Writing a blog post about moderating alcohol after our gym’s 13th Anniversary party and a vacation feels a little hypocritical. 😬 Many of us overindulge from time to time. But, here, I am going to point out some of the pitfalls of grabbing for cocktail(s) a little too often.
Most people I talk to have goals that center around health, sleep, body composition and performance. Unfortunately, all too many of these people consume alcohol so often that their behaviors aren’t in alignment with their goals. This post isn’t meant to be a total buzzkill, it is written to arm you with information so that you can make sure your behaviors support your goals.
Here are some things to think about regarding too-frequent consumption of alcohol.
If you are someone who drinks around three glasses of wine, four days per week, you’re adding 1,440 calories to your diet each week and 5,760 calories for the month. That’s more than a pound of fat – it can come on slowly leaving you wondering how you’ve gained that extra weight. Even if you’re adjusting your food to accommodate those extra calories, you are missing out on nutrition.
Muscle protein synthesis
Studies have shown that alcohol consumption reduces muscle protein synthesis, which reduces the possibility of gaining muscle. It has also been revealed that alcohol negatively modifies hormone levels and decreases the body’s metabolism.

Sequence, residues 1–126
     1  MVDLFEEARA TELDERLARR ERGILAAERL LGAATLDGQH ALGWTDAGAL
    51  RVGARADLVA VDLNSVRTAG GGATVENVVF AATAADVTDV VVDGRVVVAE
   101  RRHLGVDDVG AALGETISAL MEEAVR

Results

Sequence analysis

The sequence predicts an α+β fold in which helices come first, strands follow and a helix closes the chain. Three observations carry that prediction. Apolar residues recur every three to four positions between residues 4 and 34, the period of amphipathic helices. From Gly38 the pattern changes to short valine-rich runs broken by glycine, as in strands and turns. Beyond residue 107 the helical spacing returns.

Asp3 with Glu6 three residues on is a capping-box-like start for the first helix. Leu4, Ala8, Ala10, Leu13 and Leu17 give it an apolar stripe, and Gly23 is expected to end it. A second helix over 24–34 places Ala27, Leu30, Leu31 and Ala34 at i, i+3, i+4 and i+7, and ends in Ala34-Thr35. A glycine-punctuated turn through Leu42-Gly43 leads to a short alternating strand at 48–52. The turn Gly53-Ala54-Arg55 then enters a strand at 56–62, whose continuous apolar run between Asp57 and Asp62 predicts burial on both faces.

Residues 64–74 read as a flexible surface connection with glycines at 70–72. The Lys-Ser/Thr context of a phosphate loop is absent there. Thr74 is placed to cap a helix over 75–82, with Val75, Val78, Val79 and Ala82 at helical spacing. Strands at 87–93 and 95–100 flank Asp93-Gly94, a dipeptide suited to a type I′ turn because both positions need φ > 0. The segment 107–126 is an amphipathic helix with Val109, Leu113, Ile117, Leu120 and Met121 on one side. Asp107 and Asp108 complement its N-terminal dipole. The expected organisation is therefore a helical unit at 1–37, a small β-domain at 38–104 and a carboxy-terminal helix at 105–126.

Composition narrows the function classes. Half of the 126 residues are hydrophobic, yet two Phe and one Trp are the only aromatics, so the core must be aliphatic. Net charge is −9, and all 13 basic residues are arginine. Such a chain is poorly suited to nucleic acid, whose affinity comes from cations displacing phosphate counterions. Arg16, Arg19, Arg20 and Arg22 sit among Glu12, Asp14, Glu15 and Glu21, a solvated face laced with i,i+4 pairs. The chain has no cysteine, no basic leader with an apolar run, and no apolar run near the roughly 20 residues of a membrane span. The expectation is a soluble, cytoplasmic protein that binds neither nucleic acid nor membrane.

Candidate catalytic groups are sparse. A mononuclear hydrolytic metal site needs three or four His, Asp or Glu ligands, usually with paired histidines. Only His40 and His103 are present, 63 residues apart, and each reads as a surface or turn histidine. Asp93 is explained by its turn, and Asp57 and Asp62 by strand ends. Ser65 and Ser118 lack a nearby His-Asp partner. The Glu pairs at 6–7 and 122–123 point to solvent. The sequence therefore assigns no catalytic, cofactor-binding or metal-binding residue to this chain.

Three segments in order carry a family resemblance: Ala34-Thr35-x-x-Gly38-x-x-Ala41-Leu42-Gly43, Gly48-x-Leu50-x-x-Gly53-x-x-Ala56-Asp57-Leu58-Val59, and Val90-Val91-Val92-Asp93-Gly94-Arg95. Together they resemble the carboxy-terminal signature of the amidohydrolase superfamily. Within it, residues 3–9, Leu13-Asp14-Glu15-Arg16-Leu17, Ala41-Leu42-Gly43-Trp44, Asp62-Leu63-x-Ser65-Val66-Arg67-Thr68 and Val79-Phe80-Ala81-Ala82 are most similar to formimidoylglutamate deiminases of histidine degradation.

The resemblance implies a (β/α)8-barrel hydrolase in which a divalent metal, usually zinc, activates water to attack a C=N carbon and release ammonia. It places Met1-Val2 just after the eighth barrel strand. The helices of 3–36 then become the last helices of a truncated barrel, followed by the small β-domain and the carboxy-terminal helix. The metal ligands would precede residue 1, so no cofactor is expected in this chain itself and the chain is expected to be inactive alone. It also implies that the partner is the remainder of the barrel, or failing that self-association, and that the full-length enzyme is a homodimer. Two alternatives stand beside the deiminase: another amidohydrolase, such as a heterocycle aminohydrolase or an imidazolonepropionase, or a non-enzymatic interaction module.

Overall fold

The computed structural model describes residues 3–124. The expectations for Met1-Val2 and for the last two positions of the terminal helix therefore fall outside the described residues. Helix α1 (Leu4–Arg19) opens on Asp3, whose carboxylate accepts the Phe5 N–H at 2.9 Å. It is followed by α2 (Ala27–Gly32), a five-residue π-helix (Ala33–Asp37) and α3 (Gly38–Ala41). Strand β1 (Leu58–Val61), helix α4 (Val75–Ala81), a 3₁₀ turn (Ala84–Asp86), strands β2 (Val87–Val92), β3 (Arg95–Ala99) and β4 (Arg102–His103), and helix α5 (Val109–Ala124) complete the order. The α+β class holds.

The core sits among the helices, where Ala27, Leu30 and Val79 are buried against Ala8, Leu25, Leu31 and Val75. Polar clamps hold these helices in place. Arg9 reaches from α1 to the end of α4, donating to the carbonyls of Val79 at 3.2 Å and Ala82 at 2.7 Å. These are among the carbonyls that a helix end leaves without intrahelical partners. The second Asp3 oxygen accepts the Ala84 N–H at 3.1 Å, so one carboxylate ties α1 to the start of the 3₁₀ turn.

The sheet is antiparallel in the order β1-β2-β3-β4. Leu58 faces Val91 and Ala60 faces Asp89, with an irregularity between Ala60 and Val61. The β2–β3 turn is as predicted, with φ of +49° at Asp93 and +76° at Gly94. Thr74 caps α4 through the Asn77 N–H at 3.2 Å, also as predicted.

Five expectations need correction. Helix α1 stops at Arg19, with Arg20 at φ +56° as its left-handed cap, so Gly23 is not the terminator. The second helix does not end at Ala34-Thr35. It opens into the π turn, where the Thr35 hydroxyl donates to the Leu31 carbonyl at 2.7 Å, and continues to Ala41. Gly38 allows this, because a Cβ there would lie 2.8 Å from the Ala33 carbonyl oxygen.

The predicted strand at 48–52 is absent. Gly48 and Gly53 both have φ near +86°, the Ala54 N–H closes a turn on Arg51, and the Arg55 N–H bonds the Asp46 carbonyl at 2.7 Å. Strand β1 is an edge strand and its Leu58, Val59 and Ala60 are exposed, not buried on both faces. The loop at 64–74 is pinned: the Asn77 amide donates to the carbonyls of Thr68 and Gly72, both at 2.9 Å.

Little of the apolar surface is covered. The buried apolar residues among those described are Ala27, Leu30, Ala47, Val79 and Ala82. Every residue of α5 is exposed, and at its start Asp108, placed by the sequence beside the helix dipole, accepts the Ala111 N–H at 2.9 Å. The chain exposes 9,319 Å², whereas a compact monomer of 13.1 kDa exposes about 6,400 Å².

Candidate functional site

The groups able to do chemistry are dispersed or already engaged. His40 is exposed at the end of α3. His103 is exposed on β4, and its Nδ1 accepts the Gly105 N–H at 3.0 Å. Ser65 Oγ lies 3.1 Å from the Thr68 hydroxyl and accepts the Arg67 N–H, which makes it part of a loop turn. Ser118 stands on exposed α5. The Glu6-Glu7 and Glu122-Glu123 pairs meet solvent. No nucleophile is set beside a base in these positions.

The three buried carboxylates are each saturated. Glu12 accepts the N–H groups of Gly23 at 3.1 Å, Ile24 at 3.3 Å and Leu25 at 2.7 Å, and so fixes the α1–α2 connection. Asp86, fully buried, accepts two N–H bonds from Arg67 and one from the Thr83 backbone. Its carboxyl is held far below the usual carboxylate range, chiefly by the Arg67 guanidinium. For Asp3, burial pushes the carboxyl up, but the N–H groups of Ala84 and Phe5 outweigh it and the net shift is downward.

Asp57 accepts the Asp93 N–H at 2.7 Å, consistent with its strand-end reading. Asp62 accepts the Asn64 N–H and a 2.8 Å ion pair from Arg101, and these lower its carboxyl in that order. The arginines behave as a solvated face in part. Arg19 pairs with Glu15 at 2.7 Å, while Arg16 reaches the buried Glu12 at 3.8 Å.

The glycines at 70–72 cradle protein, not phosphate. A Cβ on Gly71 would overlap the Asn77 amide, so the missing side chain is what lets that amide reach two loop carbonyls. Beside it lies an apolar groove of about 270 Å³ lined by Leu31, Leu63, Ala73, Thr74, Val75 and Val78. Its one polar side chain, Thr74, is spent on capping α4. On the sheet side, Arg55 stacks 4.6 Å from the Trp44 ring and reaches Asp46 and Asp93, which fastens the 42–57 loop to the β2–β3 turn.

Alcohol is a sedative, so it will put you to sleep quickly, but it actually disrupts the normal sleep cycle and reduces REM. Regular loss of sleep can affect our health, brain function and mood. In normal sleep, human growth hormone is secreted by the pituitary gland and reaches a peak during non-REM sleep. If you drink, growth hormone secretions decrease. Read more here.
Aging and/or Skin Issues
A night of too many drinks leaves our skin dehydrated, inflamed and with puffy, dark circles around our eyes. It also leads to collagen loss.
And Now, Some Strategies for Reducing Alcohol
If you’re someone who tends to drink nightly, set rules for yourself. This could be as simple as no drinking the night before a workout, no drinking at home or no drinking alone.
After a long day of work, that first sip of alcohol can actually release dopamine, making you feel better. Identify other activities that bring you joy.
Establish some awareness. Ask yourself to determine the reason you are imbibing so often/so much. Is it stress relief? Is it boredom? Sadness? Then, figure out some productive ways to deal with these emotions.
Take 5. If you’re having alcohol cravings, take a walk, meditate, etc. It’s also helpful to visualize how you will feel the next day if you don’t give in.
Seek help. There’s no shame in reaching out if you feel that you don’t have the tools or support to change your relationship with alcohol. There are even apps that can help.
Overall, it’s beneficial to know the downsides (calories, lack of sleep, etc.) so you can weigh the risk/reward to determine if drinking on a particular day/night/occasion is worth it. Sometimes it will be.